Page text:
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Peer Support:

Peer Specialists are Not Clinicians

Peer Specialists bring hope and healing.

By Rita Cronise

As MHOTRS clinics look toward the inclusion of Peer Support Services within their menu of services, it is important to consider the differences not only in perspectives but also in the purposes for each role on the team. For example, clinical providers have expertise based on formal training, practice in maintaining objectivity, and skill in assessing the best options for people to gain or regain greater control of their mental health. Those in peer roles have experiential knowledge (see previous blog by Thomasina Borkman) as someone who can either use what they’ve learned through their personal process of recovery and resilience (or as the parent of a child that that is receiving services in one or more of the systems of care) to offer program participants practical assistance with their challenges of life.

When including Peer Specialists on interprofessional teams, understanding the distinctions between these perspectives as well as how they complement each other will become more and more important to ensure that each member of the team is making the best use of their expertise or “playing from their strengths” through tasks and assignments that allow them to do the work they are best suited to do. Peer Specialists are not junior clinicians, assistants, or errand staff.

To begin this discussion, we want to turn to Pat Deegan who is a nationally recognized author with a PhD in clinical psychology who was diagnosed with schizophrenia as a teenager and writes about her lived experiences in surviving the mental health system. If you are not familiar with Pat’s work, it is grounded in real-world application while at the same time filled with inspiration based on her own lived expertise about finding (and sharing) hope and recovery. Her topics focus on recovery, personal medicine, shared decision making, and peer support. Of particular interest if you are in the process of including Peer Support Services in your MHOTRS clinic is a brief blog she wrote on the differences between Peer Specialists and Clinicians.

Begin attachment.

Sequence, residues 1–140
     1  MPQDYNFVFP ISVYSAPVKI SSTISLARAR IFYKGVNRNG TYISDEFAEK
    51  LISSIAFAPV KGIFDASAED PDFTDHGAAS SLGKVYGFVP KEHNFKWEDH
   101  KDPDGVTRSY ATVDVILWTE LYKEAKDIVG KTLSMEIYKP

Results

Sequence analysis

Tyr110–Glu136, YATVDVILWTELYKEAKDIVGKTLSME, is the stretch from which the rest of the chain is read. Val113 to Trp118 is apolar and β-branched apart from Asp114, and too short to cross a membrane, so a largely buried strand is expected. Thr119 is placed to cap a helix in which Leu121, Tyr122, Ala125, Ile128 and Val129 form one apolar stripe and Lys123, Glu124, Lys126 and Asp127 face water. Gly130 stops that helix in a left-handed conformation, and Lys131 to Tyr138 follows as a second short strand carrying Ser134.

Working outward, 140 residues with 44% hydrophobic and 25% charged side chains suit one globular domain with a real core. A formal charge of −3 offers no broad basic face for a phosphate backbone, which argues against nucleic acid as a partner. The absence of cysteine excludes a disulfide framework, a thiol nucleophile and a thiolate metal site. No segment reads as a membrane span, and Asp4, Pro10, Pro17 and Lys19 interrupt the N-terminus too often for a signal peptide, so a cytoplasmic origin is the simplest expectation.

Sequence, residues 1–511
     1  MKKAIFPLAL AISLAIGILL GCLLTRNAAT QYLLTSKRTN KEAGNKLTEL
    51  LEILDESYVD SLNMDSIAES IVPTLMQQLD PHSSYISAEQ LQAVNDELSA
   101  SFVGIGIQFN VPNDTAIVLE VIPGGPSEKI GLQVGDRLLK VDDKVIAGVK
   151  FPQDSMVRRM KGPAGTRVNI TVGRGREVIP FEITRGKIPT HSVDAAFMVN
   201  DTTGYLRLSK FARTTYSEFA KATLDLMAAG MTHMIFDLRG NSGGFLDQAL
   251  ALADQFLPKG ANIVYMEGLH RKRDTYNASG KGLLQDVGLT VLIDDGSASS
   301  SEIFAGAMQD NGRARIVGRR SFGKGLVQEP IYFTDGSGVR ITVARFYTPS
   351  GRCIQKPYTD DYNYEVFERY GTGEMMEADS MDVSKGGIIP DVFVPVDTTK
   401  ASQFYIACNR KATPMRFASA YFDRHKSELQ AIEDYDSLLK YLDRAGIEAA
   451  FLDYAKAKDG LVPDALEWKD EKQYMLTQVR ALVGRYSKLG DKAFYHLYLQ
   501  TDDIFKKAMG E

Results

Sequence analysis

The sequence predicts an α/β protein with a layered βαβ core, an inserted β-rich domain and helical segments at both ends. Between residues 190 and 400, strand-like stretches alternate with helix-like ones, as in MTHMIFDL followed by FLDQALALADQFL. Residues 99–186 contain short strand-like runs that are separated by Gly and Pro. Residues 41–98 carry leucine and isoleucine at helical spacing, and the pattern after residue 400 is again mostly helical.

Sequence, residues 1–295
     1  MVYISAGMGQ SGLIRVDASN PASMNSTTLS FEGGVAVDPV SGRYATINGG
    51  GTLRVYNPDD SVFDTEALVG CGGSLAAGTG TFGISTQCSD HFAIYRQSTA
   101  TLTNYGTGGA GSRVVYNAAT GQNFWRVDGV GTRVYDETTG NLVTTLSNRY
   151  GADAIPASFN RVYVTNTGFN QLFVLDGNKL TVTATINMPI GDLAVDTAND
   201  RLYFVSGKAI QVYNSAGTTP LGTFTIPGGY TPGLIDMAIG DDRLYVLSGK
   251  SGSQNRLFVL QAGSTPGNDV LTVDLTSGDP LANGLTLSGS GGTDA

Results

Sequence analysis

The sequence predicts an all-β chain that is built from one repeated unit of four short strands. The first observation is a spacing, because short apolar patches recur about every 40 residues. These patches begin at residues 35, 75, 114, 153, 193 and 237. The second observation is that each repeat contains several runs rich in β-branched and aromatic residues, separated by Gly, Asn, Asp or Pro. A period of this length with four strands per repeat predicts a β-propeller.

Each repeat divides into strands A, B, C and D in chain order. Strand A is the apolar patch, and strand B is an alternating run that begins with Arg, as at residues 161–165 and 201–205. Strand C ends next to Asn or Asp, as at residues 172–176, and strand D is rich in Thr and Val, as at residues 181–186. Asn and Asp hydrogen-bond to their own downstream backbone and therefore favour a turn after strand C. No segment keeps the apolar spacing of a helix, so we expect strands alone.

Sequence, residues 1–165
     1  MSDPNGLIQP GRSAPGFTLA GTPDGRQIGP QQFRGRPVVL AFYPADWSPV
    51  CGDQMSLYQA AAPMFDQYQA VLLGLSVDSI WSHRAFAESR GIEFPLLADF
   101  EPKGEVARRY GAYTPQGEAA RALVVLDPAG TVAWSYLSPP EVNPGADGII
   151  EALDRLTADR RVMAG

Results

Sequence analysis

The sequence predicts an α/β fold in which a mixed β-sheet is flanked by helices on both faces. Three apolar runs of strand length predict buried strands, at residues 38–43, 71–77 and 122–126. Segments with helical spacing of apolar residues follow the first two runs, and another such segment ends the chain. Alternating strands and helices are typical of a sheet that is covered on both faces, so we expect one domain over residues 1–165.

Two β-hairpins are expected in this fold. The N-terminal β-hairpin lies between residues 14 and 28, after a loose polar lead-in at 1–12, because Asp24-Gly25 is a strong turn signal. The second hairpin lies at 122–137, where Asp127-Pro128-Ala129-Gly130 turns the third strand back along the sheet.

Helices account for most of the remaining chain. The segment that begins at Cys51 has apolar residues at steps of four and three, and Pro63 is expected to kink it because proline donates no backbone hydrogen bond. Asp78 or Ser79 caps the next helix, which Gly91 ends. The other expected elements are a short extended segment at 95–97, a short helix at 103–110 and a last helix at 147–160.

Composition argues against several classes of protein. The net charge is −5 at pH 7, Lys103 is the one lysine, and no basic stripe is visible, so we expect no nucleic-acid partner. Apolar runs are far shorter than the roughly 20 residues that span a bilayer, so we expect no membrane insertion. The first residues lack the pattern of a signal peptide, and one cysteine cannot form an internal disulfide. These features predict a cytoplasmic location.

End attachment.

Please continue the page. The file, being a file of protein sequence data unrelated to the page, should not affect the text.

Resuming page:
Here are some excerpts from the blog with a link to view it in its entirety.

“There is no doubt that Peer Specialists have many unique skills that enrich the entire team. However, within these traditional clinical settings, it’s not unusual for Peer Specialists to begin to adopt the language and practices associated with the clinical worldview. In other words, over time the work of many Peer Specialists begins to resemble the work of other clinicians on the team.”

– Pat Deegan

What are the differences and where is the overlap between the Peer Specialist perspective and the clinical perspective?  The chart below offers some thoughts.

Peer Specialist and Clinical Perspectives

Peer Specialist PerspectiveOverlapClinical Perspective
Work is guided by the Principle of Mutuality defined as a focus on the connection between the Peer Specialists and the participant (individual being served) wherein there is reciprocity.Unconditional positive regard for the participant (individual being served).Clinicians are in the role of helping and supporting participants with a focus on diagnosis, identification of strengths and treatment. There is not an expectation of reciprocity in clinician/ participant relationships.
Emphasis on sharing and exploring life experiences where both individuals share personal experiences and perspectives.The importance of connection, finding common ground, and respect.Emphasis on exploring program participants’ experiences with less expectation for the clinician to share their personal experiences.
A sampling of the differences in perspectives between peer support staff and clinical staff.

Learn More and Explore Pat Deegan’s Blog Site:

Understanding the distinctions between the peer specialist perspective and the clinical perspective, as well as the ways in which these roles complement each other, can be an important element for interprofessional teams to learn to work together more effectively. Pat Deegan’s chart illustrates the differing perspectives, and areas of overlap, in such a way that all members of the team can better understand their unique roles.

Next step? We recommend sharing this information with members of your team and discussing how all members of the team can work more effectively together as they come to better understand their roles.